From here, you can then wow them with the ultimate convincing reason to choose you and your products/services; the differentiator. Why should someone buy what you’re selling over your competitors? In the case of IT products, is this that they are the easiest to install on the market, meaning less disruption for those working for the company you’re selling to? Building trust in knowing what you’re talking about will create affinity and a strong reason to buy.

2. Use your inner critic as your own best friend

Writing to sell is fundamentally different from any other form of writing, as it has to resonate with the customer on a personal level. People buy people first and products second. If you can tailor your writing to develop an emotional link between your product and your audience, you can get them on side quickly and captivate their minds.

This is where your own self-censoring comes into play. Once you’ve written your copy, read it through with these points in mind:

  • Does this content create a rapport with the intended audience?
  • Would you buy these products/services based solely on this copy alone?

If the answer to either of these is ‘no’, go back and rethink how you can tap into the mind of the audience to greater effect. Does this mean creating more of an effective link between the audience and the people of your organisation? How can you sprinkle in a little more reassurance that your staff will solve your potential customers’ problems?

3. Picture the audience as one person, not a panel

It’s easier to sell to a single person, rather than a group of people. This is because it’ll focus your writing to make it seem like the copy is talking to one customer only. This technique will make them feel special and that you are there to support them exclusively.

4. Don’t leave room for confusion

The smaller the sentences, the better. Longer sentences can confuse people and can even result in contradictory messages. It’s a real skill to be able to write copy that explains concepts and ideas simply, rather than over-complicating them. Practise writing one sentence at a time. Read it out loud if it helps to refine what you’re trying to communicate.

5. Use the right language

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Knowing your intended audience and how they operate will propel your thinking when it comes to using the right style, tone and language to make a sale. Copy can be written well, but if it’s inappropriate for the intended audience, it will not only alienate the reader and could even damage your brand. Getting it right requires an understanding of what’s socially acceptable within the context of your audience.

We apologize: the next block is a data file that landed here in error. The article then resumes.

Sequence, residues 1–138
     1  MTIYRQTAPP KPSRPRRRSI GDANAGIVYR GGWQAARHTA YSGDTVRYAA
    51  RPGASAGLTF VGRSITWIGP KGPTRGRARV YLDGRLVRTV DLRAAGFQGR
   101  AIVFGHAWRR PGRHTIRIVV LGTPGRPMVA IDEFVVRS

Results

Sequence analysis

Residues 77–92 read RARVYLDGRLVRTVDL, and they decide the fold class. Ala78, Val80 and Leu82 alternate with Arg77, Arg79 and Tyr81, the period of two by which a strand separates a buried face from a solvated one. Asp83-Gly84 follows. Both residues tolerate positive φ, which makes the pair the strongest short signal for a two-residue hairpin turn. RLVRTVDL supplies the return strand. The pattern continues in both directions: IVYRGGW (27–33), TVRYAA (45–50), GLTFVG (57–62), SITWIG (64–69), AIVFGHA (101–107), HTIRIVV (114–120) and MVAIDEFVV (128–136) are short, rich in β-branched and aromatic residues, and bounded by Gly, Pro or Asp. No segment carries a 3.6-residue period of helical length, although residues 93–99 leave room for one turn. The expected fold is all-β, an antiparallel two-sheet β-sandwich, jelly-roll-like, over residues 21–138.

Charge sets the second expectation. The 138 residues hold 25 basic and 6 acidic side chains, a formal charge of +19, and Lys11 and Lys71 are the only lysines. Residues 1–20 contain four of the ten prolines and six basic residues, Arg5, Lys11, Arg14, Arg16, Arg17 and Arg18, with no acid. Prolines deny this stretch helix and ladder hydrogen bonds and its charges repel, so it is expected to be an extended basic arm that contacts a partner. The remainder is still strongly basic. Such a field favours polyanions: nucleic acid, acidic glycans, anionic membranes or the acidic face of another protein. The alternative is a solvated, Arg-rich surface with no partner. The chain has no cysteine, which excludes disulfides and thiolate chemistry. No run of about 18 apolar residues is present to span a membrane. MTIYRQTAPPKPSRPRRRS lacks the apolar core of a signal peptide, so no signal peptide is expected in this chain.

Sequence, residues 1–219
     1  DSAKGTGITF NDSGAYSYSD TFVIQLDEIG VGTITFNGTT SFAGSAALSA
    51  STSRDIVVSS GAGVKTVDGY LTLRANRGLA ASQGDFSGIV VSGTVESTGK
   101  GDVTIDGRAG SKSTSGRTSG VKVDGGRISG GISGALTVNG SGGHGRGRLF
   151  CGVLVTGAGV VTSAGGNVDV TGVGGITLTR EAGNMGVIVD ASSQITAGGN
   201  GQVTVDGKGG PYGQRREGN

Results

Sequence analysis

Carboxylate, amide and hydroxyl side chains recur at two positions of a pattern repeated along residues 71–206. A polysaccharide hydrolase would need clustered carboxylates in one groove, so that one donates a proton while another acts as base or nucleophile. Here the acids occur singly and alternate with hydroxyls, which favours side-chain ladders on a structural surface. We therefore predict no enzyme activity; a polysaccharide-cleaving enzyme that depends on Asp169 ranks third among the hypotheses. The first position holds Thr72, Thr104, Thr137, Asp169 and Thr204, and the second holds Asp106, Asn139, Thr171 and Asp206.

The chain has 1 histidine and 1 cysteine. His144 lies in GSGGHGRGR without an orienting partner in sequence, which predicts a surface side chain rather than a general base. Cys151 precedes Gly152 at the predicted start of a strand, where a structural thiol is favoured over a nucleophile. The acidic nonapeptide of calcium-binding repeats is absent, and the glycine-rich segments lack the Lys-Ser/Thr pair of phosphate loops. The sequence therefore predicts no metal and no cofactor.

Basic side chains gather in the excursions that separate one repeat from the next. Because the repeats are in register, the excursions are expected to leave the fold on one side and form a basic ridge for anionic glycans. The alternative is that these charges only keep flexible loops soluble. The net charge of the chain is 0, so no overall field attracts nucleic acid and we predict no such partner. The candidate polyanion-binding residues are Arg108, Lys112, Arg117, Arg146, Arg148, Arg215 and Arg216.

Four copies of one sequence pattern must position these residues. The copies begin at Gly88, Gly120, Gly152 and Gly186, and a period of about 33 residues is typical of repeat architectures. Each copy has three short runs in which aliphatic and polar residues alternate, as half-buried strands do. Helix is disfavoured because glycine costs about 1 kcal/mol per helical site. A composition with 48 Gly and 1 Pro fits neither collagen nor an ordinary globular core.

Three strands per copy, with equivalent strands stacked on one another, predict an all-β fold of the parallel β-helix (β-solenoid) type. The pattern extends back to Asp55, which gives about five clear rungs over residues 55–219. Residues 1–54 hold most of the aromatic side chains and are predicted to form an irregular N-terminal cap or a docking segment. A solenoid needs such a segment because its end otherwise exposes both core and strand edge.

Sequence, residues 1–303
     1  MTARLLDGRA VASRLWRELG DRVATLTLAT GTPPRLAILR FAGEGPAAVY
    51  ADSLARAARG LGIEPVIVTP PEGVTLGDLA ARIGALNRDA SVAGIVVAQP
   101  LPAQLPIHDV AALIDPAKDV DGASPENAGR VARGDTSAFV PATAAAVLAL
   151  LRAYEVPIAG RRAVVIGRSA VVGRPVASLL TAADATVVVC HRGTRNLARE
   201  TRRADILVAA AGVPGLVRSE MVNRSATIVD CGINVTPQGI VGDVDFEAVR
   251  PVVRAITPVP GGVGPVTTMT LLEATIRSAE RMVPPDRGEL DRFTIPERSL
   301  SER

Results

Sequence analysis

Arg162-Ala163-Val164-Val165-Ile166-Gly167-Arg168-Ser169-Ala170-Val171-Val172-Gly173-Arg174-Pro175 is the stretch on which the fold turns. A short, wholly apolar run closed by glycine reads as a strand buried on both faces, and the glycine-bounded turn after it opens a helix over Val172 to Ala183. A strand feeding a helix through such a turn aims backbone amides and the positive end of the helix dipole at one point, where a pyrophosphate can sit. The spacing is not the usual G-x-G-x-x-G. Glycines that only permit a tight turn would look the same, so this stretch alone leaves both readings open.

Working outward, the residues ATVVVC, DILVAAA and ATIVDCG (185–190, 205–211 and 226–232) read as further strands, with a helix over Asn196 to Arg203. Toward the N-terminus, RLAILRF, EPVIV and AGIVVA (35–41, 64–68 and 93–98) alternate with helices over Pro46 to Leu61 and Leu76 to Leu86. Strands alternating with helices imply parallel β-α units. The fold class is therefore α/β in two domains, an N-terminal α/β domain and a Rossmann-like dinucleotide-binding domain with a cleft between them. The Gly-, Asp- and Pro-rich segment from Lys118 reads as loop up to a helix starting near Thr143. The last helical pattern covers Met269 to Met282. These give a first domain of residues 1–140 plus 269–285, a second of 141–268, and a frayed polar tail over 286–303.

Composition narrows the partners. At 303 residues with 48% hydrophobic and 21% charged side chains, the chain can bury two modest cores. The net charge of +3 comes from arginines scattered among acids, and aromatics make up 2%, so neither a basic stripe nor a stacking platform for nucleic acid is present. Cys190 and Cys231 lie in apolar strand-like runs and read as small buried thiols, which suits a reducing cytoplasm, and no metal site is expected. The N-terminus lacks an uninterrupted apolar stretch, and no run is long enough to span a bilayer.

A good example to illustrate this point is the use of humour. When used well and at the right time, humour can be a key tool when it comes to delivering a powerful message. Times when this is appropriate may be when selling consumer products to young adults.

The Got Milk range of adverts uses celebrities with the iconic milk moustache accompanied by copy that is both informative and funny. One of these adverts featured Kermit the Frog, with the slogan ‘milk isn’t just for tadpoles’. The effect of this line prompts a laugh but is also telling young adults that milk still has health benefits now, not just when they were kids, encouraging them to drink milk as part of a healthy diet.

Finally, perhaps the golden rule of copywriting; if it doesn’t sell, cut it out. There is a fine balance between telling enough of a story to get the audience’s attention, and including irrelevant details such as what you ate for lunch. The basic rule is that if it overcomes any objections to buying your service or product and builds a picture of trust with the reader, keep it. All the rest can be deleted. Executed well, effective copywriting should instil the reader with the impetus to act.

What is the difference between copywriting vs content writing?

As you might have guessed, copywriting is different to content writing in that it influences a specific target market to want to hear more details about a product or service, or inspires them to make a purchase.

Content writing is usually more editorial in nature, more detailed and sometimes has a journalistic tone. However, the two do cross over and often sit hand in hand, especially in the online world.

Image Credit

Main image credit: Daria Nepriakhina UA

Image credits: Kelly Sikkema, Sebastian Dumitru, Towfiqu barbhuiya 

Sarah Poll

A passionate and dynamic copywriting professional with 10 years experience in writing and editing bids, blog posts, news stories, feature articles and web copy. I have written for a range of clients in different sectors, from construction and landscape gardening, to wedding planning and beauty. I enjoy applying the right tone, impact and context to content when responding to briefs resulting in compelling content to effectively target your audience.